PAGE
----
This week saw the collective expression of geek ecstasy; nine episodes of sixties Doctor Who, long thought lost but now uncovered in Nigeria, were released on iTunes. The master tapes wiped as part of a cost cutting exercise, no-one’s seen these episodes for decades; they’ve achieved almost mythical status, known only through novelisations and grainy photo reconstructions.
Now, this is important for all sorts of reasons – a part of the UK’s pop culture heritage being restored, and the unexpected opportunity to watch sort-of new episodes during the show’s 50th anniversary. And, once you factor in the intrinsic OCD of us fans of science fiction TV, there’s a joy in knowing that gaps can still be filled, that there’s a hope, however slim, that missing episodes will no longer be missing. The canon is slowly being restored.
Now you’re asking why I’m going on about all this on a Bible blog. Fair enough.
Throughout 1 Kings there are references to the Book of the Annals of the Kings of Israel. Effectively, it implies that the outlines of all the reigns we read about in Kings and Chronicles are just the tip of the iceberg. The writer of Kings doesn’t feel the need to overdo the detail; after all, anyone who’s interested can go find this book and get all the juicy gossip.
It’s just a pity the book no longer exists.
It’s frustrating, like a dead hyperlink or all those missing Doctor Who episodes. The absence of this book makes things feel incomplete. I want to know what’s in it. I want to know what happened to all these kings with borderline unpronounceable names. There are a bunch of stories, a mass of history that we don’t know about because a specific book hasn’t managed to survive. There’s always the hope that it found it’s way into a pot buried somewhere in the Middle East, but I’m not going to hold my breath.
It gets worse. Numbers 21:14 mentions the Book of the Wars of The Lord – no longer exists, which sucks because it sounds awesome. When the Chronicler gets to the reign of King David he talks about the records of Gad the Seer and Nathan the Prophet, neither of which are in the Bible. The story goes on; the Hebrew Scriptures keep making references to books that no longer exist.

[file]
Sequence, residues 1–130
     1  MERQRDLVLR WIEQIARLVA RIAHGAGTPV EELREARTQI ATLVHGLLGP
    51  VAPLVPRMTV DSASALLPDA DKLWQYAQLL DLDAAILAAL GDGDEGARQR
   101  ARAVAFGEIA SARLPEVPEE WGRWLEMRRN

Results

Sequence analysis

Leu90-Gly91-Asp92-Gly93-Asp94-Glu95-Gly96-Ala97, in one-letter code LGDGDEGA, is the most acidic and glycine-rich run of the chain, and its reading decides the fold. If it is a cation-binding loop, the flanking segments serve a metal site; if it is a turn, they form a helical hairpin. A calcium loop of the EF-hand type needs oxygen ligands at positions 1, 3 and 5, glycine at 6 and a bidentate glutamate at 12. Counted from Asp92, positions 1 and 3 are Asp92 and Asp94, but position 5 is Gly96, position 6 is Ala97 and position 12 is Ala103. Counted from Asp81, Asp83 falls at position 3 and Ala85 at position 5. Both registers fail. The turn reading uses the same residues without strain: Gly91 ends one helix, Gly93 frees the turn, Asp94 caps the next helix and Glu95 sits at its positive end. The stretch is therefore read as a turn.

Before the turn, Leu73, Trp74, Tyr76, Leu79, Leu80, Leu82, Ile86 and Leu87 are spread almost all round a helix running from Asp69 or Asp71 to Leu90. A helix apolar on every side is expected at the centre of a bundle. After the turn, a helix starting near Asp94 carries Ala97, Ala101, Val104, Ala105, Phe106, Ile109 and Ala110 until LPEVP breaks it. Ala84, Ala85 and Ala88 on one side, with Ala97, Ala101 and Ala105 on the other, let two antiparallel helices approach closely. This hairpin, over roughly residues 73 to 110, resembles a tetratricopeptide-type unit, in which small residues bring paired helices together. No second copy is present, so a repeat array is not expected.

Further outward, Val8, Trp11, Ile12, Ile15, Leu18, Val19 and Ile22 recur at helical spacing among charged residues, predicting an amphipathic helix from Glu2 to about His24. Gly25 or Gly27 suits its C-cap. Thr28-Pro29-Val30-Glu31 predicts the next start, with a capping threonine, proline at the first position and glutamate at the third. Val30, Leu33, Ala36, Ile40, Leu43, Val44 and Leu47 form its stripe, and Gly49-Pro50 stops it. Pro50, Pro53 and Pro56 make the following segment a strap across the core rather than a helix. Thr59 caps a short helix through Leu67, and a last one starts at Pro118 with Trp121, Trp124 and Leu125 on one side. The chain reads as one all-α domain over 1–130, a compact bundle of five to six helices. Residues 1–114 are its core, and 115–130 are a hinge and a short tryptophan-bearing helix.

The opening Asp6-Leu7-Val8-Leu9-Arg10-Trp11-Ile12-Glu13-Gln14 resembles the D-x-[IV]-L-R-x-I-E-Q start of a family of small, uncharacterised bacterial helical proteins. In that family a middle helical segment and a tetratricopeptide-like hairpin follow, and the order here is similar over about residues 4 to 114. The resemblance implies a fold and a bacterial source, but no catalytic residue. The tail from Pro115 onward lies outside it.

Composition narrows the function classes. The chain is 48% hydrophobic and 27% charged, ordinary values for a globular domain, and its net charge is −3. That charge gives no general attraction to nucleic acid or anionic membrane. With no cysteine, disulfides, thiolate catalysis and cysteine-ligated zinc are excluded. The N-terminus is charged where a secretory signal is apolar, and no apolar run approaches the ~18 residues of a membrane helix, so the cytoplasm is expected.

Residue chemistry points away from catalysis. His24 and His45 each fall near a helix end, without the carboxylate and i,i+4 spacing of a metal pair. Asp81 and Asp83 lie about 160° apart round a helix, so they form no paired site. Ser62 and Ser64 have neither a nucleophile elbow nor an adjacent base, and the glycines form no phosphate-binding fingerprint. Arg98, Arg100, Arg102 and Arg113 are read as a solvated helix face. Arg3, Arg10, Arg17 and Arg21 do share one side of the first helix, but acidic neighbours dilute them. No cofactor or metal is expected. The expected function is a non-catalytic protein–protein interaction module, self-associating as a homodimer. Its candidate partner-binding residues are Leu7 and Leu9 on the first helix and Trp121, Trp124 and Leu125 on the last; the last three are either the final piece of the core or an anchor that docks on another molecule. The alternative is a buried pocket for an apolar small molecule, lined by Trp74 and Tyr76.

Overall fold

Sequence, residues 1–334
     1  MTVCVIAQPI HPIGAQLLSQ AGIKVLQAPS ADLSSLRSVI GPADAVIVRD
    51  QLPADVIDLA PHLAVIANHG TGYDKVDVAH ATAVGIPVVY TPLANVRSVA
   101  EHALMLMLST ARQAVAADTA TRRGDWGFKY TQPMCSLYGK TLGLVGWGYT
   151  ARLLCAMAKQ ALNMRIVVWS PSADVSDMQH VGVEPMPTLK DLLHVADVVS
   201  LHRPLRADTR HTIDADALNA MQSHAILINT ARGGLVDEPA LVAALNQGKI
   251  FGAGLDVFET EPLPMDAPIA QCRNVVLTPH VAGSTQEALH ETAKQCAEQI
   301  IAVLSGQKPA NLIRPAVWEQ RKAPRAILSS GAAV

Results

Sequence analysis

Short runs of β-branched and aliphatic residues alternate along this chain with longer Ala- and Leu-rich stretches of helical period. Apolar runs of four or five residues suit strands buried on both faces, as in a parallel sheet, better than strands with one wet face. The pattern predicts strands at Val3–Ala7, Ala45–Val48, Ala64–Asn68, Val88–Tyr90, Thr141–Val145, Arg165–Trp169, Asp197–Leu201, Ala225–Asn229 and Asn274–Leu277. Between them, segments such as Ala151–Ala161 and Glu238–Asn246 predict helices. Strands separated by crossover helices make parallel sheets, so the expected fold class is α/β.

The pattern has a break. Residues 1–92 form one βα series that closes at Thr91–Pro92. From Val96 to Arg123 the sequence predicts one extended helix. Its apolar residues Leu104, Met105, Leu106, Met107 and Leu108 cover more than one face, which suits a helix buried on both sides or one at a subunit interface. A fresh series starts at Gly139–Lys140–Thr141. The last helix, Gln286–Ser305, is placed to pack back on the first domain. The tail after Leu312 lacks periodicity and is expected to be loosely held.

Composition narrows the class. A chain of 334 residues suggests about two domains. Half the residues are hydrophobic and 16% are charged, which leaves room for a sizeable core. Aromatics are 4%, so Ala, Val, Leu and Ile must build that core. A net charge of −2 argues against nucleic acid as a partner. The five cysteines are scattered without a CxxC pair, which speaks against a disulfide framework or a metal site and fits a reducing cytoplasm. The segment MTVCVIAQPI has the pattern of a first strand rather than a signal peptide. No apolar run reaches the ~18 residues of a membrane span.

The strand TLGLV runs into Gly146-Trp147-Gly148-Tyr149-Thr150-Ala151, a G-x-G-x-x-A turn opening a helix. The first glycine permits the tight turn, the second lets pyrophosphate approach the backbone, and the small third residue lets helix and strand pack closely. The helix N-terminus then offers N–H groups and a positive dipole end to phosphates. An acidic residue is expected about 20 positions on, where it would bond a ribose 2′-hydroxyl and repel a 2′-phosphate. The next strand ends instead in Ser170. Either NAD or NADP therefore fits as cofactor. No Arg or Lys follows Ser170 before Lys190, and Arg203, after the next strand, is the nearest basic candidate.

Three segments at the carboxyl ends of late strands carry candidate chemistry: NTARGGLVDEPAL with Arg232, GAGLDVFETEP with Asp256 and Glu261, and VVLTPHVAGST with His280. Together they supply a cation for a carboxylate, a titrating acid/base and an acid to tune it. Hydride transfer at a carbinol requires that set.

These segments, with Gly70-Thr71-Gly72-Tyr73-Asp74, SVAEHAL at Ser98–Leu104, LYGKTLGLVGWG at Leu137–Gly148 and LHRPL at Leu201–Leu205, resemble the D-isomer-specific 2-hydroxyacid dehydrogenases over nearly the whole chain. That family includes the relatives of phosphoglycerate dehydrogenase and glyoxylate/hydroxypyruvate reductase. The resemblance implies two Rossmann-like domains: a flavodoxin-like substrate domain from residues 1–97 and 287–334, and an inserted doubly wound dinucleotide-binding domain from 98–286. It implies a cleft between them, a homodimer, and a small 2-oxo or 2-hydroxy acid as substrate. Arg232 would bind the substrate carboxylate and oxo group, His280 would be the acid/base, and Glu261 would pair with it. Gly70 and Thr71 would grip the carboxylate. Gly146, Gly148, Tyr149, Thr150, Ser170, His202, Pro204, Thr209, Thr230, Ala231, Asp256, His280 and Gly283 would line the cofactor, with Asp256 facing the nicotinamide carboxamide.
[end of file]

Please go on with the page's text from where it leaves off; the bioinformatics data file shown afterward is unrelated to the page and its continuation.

This bugs me, and it brings me back to the Doctor Who thing: the references to these works triggers my geek gene, making me feel like I’m missing something. In he case of Doctor Who, this is the case; 90-something episodes that form part of the show’s ongoing narrative are gone, including some pretty landmark moments. Of course fans should celebrate getting them back.
The Bible, however, is different. As a history book it leaves stuff out; as a science book it implies that the sun orbits the Earth rather than vice versa. And that’s fine as long as we realise it’s actually neither of these things. That’s not to say the Bible doesn’t speak to how we view the natural world, or the impact of politics and sociology and theology on a particular society, but none of that is it’s primary aim.
No, the primary narrative of the Bible is the story of how God and humanity work out their relationship to each other, culminating in the Cross which ultimately restores all things. It’s the word of God inasmuch as it points to Jesus, the Word of God. Anything else is just gravy.
Does it matter that we’re missing the Annals of the Kings of Israel? Hey, I’ve got a history degree, I’d love to know what else Jeroboam or Zimri got up to. When John mentions that a lot of stuff went down but for which he didn’t have room in his gospel, I want to tell him to stop moaning and write a few more chapters. I want to know these things.
But I need to get over my nerdery – the Bible is not incomplete. It is the story of how God reconciles himself to humanity through Jesus, and as such everything we need to know is there. And as much as I might want more information, the fact is that I’m not even close to understanding the entirety of what’s actually in the Bible, let alone the ‘missing’ bits.
Maybe that should be my focus – to look at what’s there, rather than what’s not. To see more of Jesus , rather than some trivia about King Uzziah. And to appreciate the completeness of the Bible, and of the story it tells.